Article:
Corporate criminal law and organization incentives: a managerial perspective
Corporate criminal liability puts a serious challenge to the economic theory of enforcement. Are corporate crimes different from other crimes? Are these crimes best deterred by punishing individuals, punishing corporations, or both? What is optimal structure of sanctions? Should corporate liability be criminal or civil? This paper has two major contributions to the literature. First, it provides a common analytical framework to most results presented and largely discussed in the field. Second, by making use of the framework, we provide new insights into how corporations should be punished for the offenses committed by their employees. Copyright © 2000 John Wiley & Sons, Ltd.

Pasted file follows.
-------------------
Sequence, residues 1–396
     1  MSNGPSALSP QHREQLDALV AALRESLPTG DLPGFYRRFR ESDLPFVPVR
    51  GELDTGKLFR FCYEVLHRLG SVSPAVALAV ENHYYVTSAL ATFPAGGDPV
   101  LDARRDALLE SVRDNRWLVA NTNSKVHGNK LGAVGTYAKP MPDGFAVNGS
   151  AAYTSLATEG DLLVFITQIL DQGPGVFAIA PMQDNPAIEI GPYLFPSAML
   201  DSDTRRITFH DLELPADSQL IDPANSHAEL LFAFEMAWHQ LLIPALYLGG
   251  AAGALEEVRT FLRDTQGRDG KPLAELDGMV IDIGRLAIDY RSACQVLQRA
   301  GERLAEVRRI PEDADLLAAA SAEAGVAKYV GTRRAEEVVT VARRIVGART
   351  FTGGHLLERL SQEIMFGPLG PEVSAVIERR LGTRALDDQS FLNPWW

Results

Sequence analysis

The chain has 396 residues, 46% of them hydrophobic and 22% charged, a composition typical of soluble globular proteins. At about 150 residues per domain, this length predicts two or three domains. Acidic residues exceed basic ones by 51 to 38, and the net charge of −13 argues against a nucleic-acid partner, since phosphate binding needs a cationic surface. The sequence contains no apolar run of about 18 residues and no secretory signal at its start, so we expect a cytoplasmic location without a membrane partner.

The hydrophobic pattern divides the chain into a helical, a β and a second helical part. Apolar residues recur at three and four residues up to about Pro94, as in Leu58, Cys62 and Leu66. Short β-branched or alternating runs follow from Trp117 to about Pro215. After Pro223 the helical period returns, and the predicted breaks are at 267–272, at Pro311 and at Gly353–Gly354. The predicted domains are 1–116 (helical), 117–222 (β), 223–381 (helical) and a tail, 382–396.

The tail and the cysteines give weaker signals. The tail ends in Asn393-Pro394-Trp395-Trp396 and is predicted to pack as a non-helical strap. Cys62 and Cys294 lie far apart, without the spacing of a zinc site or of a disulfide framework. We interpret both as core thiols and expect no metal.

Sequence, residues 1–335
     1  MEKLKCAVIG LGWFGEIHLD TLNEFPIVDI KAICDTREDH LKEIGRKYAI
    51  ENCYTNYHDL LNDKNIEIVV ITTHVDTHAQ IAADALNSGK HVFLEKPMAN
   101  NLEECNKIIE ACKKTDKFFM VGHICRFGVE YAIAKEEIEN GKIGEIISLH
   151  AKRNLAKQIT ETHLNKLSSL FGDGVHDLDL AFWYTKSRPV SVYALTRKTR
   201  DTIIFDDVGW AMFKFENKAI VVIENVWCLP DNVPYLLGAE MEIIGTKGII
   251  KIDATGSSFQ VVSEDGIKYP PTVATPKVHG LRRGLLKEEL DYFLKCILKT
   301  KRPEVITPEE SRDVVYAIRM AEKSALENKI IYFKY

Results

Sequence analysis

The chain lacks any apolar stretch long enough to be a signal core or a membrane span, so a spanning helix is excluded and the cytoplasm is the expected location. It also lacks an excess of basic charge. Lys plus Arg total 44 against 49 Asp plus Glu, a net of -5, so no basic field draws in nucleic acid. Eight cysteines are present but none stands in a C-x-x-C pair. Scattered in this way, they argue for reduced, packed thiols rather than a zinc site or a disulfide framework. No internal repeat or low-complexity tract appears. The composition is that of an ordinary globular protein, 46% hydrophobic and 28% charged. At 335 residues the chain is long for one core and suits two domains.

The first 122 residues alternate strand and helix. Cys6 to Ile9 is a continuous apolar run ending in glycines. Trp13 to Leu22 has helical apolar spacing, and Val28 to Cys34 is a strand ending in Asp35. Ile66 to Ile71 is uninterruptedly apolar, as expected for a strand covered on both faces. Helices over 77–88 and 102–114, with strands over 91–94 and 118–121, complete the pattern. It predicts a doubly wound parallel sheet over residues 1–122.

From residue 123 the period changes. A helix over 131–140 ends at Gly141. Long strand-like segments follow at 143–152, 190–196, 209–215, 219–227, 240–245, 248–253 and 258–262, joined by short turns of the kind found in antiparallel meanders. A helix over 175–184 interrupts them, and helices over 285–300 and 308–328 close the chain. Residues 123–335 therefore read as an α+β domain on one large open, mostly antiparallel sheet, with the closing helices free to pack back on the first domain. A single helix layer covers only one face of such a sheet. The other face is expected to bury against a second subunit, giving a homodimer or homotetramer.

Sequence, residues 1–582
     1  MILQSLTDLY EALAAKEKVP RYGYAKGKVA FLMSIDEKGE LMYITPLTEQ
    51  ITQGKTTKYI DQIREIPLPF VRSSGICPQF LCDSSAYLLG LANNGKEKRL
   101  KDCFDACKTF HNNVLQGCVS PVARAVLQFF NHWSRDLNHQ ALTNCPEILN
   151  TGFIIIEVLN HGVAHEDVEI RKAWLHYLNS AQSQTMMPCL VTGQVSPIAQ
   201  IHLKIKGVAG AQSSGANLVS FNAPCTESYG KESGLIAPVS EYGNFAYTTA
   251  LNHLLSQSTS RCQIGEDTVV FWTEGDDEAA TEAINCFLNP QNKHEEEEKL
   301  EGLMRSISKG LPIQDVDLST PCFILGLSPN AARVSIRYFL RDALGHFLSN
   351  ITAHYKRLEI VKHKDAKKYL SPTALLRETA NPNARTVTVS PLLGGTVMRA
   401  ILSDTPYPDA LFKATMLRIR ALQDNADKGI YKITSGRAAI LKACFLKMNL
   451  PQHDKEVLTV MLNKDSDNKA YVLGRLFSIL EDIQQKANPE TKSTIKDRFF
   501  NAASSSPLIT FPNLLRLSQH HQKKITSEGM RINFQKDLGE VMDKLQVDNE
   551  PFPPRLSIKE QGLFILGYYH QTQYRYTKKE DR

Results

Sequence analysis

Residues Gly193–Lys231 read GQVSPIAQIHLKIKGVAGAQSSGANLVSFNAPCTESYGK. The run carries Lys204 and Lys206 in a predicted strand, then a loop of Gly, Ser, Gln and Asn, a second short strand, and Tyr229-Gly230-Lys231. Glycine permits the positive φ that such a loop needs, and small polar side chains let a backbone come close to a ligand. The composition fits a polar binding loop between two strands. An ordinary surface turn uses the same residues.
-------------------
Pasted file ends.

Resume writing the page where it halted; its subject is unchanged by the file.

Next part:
Volume (Year): 21 (2000)
Issue (Month): 6 ()
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- Shavell, Steven, 1997. "The optimal level of corporate liability given the limited ability of corporations to penalize their employees," International Review of Law and Economics, Elsevier, vol. 17(2), pages 203-213, June.
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- Alexander, C.R. & Cohen, M.A., 1996. "New Evidence on the Origins of Corporate Crime," Papers 96-05, U.S. Department of Justice - Antitrust Division.
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- Karpoff, Jonathan M & Lott, John R, Jr, 1993. "The Reputational Penalty Firms Bear from Committing Criminal Fraud," Journal of Law and Economics, University of Chicago Press, vol. 36(2), pages 757-802, October.
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"The Economic Theory of Public Enforcement of Law,"
NBER Working Papers
6993, National Bureau of Economic Research, Inc.
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